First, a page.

Roderick Sewell competing in the men's 100-meter breaststroke SB6 at the Para Swimming World Championship Mexico City 2017 on Dec. 3, 2017 in Mexico City, Mexico.
Roderick Sewell was terrified to step into a pool as a kid. He had a fear of water, and he worried he might drown if he got too close to it.
Sewell couldn’t kick his legs like other kids learning to swim. He was born with a birth defect that required both his legs to be amputated above the knee before his second birthday.
Sewell was around 10 years old when he watched one of his friends, who was also a double amputee, swim. All of a sudden, the idea of splashing around in a YMCA pool in San Diego didn’t seem that frightening.
"Seeing him do it kind of reassured me that I could for sure do it, too,” Sewell said.
Seventeen years later, Sewell is looking forward to stepping into Kailua Bay off the coast of Hawaii on Saturday. He believes the first leg of this year’s IRONMAN World Championship — a 2.4-mile open water swim — could be “a breeze” and “a good way to start the day.”
The 27-year-old Sewell will attempt to become the first above-the-knee double amputee to complete the IRONMAN, which is considered one of the world’s toughest races. The grueling course requires triathletes to swim, run and bike 140.6 miles in one day across Hawaii’s Big Island.
Of course, Sewell has endured much bigger challenges in his life. He spent four years during his childhood bouncing from place to place and sleeping in homeless shelters as his mother, Marian Jackson, made sure he had expensive prosthetic legs.
“This is my way of life,” Sewell said Thursday from his hotel in Hawaii. “For me, putting on my prosthetics is like you putting on your shoes at this point in life.”
Sewell will take part in the IRONMAN’s 26.2-mile run on a pair of prosthetic legs. Rather than pedaling a traditional bicycle like other triathletes, he’ll cover the 102-mile ride on a handcycle that he got three months ago.
Sewell said he doesn’t care how long it takes him to complete the IRONMAN as long as he crosses the finish line in Kailua-Kona, Hawaii.
“It would be a big feat. There hasn’t been a double above-the-knee amputee to finish Kona,” he said. “So to be the first would be pretty remarkable.”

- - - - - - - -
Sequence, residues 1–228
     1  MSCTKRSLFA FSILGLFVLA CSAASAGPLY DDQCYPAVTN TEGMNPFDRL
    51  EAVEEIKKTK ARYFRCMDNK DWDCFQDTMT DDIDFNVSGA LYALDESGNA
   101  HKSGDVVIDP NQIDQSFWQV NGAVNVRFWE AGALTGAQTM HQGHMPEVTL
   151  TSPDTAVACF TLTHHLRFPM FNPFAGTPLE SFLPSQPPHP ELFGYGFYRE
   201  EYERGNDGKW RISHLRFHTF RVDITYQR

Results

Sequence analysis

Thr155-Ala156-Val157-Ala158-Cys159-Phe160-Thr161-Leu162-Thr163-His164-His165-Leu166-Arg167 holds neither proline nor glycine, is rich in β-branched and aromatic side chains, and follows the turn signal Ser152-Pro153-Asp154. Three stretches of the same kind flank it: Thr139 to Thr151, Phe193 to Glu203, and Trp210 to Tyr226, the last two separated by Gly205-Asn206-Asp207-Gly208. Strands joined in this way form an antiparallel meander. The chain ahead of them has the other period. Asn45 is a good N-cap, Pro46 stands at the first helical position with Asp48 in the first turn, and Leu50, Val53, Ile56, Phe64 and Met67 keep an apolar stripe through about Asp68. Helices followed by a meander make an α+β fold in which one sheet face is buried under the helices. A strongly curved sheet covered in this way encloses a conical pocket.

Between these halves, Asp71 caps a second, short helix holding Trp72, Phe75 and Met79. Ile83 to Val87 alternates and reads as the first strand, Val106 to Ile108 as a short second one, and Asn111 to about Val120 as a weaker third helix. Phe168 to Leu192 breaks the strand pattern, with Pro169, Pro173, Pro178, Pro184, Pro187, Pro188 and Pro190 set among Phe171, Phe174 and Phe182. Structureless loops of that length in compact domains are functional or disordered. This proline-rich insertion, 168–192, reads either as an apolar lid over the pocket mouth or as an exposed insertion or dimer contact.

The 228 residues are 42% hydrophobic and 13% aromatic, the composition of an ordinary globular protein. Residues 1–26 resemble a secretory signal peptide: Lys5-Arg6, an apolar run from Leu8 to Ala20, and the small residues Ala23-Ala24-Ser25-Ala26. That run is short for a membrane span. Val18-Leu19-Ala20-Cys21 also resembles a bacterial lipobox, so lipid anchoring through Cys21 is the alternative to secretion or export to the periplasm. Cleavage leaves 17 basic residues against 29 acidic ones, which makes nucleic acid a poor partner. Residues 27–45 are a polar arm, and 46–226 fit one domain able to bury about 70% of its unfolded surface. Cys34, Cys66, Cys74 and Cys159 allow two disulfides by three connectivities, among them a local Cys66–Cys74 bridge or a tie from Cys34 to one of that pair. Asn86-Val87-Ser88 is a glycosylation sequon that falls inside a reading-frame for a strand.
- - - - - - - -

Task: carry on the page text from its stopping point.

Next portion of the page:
When Sewell was a kid, his mother quit her job and filed for unemployment to ensure he had full coverage for his prosthetic legs. However, it took a toll on the family financially. The problems started when he was 8 years old and continued for the next four years.
Sewell and his mother moved from a house to an apartment to eventually finding themselves at shelters. They left their home in San Diego for Alabama, where they were homeless for another six months before their situation stabilized.
“My mom was pretty straightforward with what we were going through,” Sewell said. “At a young age, I had to deal with very adult situations, I guess. So I knew what we were going through.”
As rough as the situation was for the family, Sewell admitted they “had a great time, too.” He was introduced to Challenged Athletes Foundation, a nonprofit organization that provides opportunities for people with physical challenges to play sports.
Sewell started running, playing basketball and taking up handcycling. CAF also gave him an outlet and something to talk about instead of just focusing on not having much as a kid.
“I never considered sports because of the prosthetics that I had,” Sewell said. “I didn’t know what was available to me, and then once I got exposed to CAF and the different possibilities in sports is when I did everything.”
Once afraid of water, Sewell has become an accomplished swimmer. He made his debut with the U.S. Para swimming team at the 2014 Pan Pacific Para Swimming Championships. He earned a gold medal in the 100-meter breaststroke and bronze in the 200-meter relay. He earned his first world championship medal in 2017 with a bronze in the 34-point 4x100-meter medley.
Sewell’s attempt to complete the IRONMAN has attracted national attention. But most importantly for Sewell, his mother arrived in Hawaii on Thursday to watch him take part in the grueling triathlon this weekend.
“I think she’s proud, but we’ll see once race day hits because that’s when she’ll really see the full effect of what IRONMAN is,” he said.
Sewell has tried to prepare his mother for the race. He has told her about the long distances it covers, the weather and water conditions he’ll face and all of the issues that could possibly go wrong for him.
“So once she sees other athletes out there, she’ll understand this isn’t for everyone,” Sewell said.
Alex Abrams has written about Olympic and Paralympic sports for more than 15 years, including as a reporter for major newspapers in Florida, Arkansas and Oklahoma. He is a freelance contributor to TeamUSA.org on behalf of Red Line Editorial, Inc.